Post-Olympic summer slump predicted for London hoteliers

By Peter Ruddick

- Last updated on GMT

Related tags: London hoteliers, Summer olympic games, Olympic games

With London 2012 now firmly in the rear-view mirror a post-Olympic slump for London hoteliers is up ahead, according to a new report
With London 2012 now firmly in the rear-view mirror a post-Olympic slump for London hoteliers is up ahead, according to a new report
London hotels should prepare themselves for a less busy than expected summer period despite the long-predicted boost from last year's Olympic Games, according to a new report.

Leading discount travel website has said a number of industry experts are predicting a year-on-year fall this summer in some of the key hotel metrics, including occupancy, hotel prices and revenue per available room (RevPAR).


Despite Government predictions of an additional 4.5m visitors to the capital in the four years following London 2012, several analysts are now pointing to Vancouver and Beijing where hoteliers faced a slump a year after hosting the Games due to a number of new venues increasing competition and lowering prices.

“It’s no secret that hotel construction, and therefore quantity of rooms, surged in London leading up to the summer Games," said Tara Stangel, director of's hotel team.

"What is still unknown is how many of those rooms will be filled in the years coming. It’s even harder to predict when we take into consideration the weakened European economic climate and declining US tourism rates.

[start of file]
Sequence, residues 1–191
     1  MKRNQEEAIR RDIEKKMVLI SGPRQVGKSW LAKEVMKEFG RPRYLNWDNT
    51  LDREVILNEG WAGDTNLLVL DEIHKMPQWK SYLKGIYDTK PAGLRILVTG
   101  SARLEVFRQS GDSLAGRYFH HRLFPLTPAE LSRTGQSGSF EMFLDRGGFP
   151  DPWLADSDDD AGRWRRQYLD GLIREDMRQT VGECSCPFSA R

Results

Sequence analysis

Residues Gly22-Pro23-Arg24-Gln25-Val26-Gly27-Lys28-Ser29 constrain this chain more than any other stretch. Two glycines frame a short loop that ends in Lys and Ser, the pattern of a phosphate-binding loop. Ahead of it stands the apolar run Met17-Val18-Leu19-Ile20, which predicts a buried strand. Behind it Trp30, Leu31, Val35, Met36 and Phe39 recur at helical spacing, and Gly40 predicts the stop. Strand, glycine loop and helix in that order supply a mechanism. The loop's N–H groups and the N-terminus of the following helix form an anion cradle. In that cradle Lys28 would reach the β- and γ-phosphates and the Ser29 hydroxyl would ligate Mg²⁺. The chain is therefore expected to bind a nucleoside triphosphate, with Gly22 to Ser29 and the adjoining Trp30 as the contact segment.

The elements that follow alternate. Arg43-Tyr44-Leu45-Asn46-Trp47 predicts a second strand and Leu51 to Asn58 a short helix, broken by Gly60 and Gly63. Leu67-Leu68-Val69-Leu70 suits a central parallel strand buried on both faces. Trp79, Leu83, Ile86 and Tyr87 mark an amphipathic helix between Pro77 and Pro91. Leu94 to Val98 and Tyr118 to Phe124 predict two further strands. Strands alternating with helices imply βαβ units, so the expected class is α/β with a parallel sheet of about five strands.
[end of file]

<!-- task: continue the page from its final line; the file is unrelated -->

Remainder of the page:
"Most signs point to the fact that London hoteliers will have to be more creative when it comes to sustaining occupancy during these post-Olympic years," she added.

In 2011, one year after the Vancouver Winter Olympics, the city's average hotel prices dropped by 29 per cent and the same was seen in Beijing where RevPAR fell by 43 per cent following the Games.

Profit decline

The warning for London hoteliers comes as the latest HotStats UK hotel chain survey reveals the capital's hotels suffered a 7.3 per cent profit decline in the first quarter of the year.

In the first three months of 2013 RevPAR dropped by 3.4 per cent. The fall in revenues has been attributed not to a drop in demand levels, which have actually remained robust, but to the fact hotels are currently attracting a higher proportion of lower yielding leisure and group tour demand.

Corporate-related demand was also stagnant in the first quart of the year in London.

While hotels in the provinces actually grew their RevPAR in March they too suffered a profit decline as a result of rising costs.

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